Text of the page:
The tax treatment of residential properties has changed significantly over recent years. If you are looking to purchase a residential property in the UK, it is therefore crucial to consider the tax treatment as early as possible.
Many tax structures and vehicles which were previously popular may no longer be appropriate, and some taxes which were previously relatively straightforward are now much more complex. Navigating this new landscape typically requires professional advice to get right.
This note summarises some of the ways in which you might structure a residential property purchase and the main tax considerations to bear in mind throughout the lifecycle of property ownership.
What are my options?
There are an almost infinite variety of ways to structure a UK residential property purchase, and each method has its own advantages and risks depending on a person’s or family’s circumstances. However, there are three principle ways in which you might hold a UK residential property: in your own name, through a company, or through a trust.
A high-level comparison of each of these three options is below, based on the UK’s tax regime from April 2020. This summary should be read alongside the further information provided in the remainder of this note, and it is important to seek professional advice where appropriate.
Tax on purchase
If you buy a property in England or Northern Ireland, you will have to pay stamp duty land tax (SDLT) on the purchase price. Properties in Scotland and Wales attract similar land transaction taxes.
Historically, SDLT was relatively straightforward for most residential property purchases. However, it can now be extremely complicated as there are now many possible sets of rates that might apply, depending on your circumstances and the structure used. This can have a substantial effect on the cost of buying a property.
Take, for example, a £1m property. Between 2003 and 2005 the SDLT treatment was relatively straightforward and the type of property and the buyer’s circumstances made little practical difference. If that same property was bought at the same price now, getting the SDLT wrong by failing to secure potential reliefs and tax-saving opportunities could cost as much as £110,500 (more than 10% of the purchase price), as shown below.
The main SDLT rates which can now apply to a residential property purchase are as follows:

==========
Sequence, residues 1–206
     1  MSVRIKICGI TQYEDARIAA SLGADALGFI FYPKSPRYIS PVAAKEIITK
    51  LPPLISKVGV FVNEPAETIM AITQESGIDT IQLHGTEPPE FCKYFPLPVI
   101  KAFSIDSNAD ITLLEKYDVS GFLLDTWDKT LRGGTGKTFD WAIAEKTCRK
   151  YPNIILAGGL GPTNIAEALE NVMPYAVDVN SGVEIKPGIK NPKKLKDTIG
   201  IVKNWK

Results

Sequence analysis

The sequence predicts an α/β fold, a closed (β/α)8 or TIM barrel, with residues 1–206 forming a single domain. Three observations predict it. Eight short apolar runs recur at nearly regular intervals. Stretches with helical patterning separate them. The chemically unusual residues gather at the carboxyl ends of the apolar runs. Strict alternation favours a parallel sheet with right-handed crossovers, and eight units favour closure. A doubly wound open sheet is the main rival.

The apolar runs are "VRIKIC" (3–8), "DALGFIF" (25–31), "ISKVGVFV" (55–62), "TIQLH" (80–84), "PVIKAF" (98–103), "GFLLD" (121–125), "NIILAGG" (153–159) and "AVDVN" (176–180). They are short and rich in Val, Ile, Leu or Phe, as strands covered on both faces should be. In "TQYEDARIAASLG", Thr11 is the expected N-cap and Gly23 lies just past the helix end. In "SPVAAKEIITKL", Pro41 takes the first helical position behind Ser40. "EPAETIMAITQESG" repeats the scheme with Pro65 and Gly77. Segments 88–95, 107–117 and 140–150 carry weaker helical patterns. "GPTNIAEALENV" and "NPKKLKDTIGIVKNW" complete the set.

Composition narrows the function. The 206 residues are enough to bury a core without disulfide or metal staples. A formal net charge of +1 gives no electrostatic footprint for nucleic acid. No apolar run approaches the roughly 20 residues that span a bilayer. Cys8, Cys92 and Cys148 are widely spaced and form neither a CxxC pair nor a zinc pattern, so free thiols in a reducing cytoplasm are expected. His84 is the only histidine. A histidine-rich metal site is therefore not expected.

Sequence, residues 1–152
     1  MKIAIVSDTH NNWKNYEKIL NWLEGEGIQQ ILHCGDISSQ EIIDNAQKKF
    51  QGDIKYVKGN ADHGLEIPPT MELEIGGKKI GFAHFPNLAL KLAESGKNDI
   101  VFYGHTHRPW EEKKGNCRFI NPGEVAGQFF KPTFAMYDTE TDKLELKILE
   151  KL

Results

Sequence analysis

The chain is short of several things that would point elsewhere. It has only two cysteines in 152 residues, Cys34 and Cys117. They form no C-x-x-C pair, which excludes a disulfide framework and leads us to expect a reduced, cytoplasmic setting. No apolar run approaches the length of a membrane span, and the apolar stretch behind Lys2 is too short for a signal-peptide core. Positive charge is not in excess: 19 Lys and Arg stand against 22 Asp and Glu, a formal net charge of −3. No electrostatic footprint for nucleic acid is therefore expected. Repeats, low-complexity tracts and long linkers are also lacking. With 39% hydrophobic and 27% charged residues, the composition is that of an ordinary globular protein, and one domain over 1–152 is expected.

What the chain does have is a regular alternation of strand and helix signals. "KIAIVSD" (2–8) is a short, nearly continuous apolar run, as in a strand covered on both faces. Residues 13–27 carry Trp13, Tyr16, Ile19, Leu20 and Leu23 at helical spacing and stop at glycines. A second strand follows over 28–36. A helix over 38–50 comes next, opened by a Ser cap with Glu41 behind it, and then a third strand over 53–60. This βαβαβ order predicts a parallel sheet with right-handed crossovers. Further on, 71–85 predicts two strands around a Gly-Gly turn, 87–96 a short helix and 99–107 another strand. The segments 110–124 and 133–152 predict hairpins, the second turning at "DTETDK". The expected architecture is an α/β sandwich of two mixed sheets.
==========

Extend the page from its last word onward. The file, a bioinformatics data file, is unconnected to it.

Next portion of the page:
As the lower rates in the left-hand column show, from an SDLT perspective it is now normally better to buy a property for personal use in your own name, rather than through a corporate or trust structure.
However, SDLT is complex and there are various ways in which the tax due can be significantly increased or reduced, depending on your circumstances. You should seek expert advice to ensure that the SDLT cost is mitigated as far as possible and to protect against the risks of getting the SDLT treatment wrong.
Tax during ownership
The annual tax on enveloped dwellings (ATED) is payable every year in which a privately held company owns a UK residential property valued at more than £500,000 (including properties held by partnerships with a corporate partners and certain collective investment schemes). This tax applies whether the entity is UK or non-UK resident.
ATED is levied at the amounts set out in the table below.
No ATED is payable if the company in question runs certain businesses with respect to the property for the whole year, including property development and commercial lettings to third parties. However, the company must still file annual ATED tax returns and obtain valuations at certain intervals.
The easiest way to ensure that no ATED is payable is to hold the property outside of a company. If the property is held in your own name, or through a trust with certain characteristics, then no ATED is payable and no related filings are required.
If you intend to let the property out to a tenant, UK tax will be payable on the rent. If you hold the property in your own name, or through a trust, the tax rate charged on the rent depends on the extent of your (or the trust’s) UK income, as shown below:
If the property is held by a company, then both UK and non-UK resident companies will be subject to corporation tax on their UK rental income at a rate of 19%.
Certain expenditure associated with the property may be deductible to reduce the total tax payable on rent, including maintenance and finance costs. There are complex rules that can restrict how much finance costs can be deducted, and these depend on whether the property is held by an individual or a company. These rules can have a significant influence on how tax-effective each structure will be.
Tax on sale or gift
Historically, non-UK residents did not always have to pay UK capital gains tax when selling or gifting a UK property. However, a change in the law in 2015 now means that anyone who sells or gives away a UK residential property can now expect to pay capital gains tax on any uplift in value from that time, irrespective of where they are resident.
The rates of tax that apply to gains made from UK residential properties are as follows: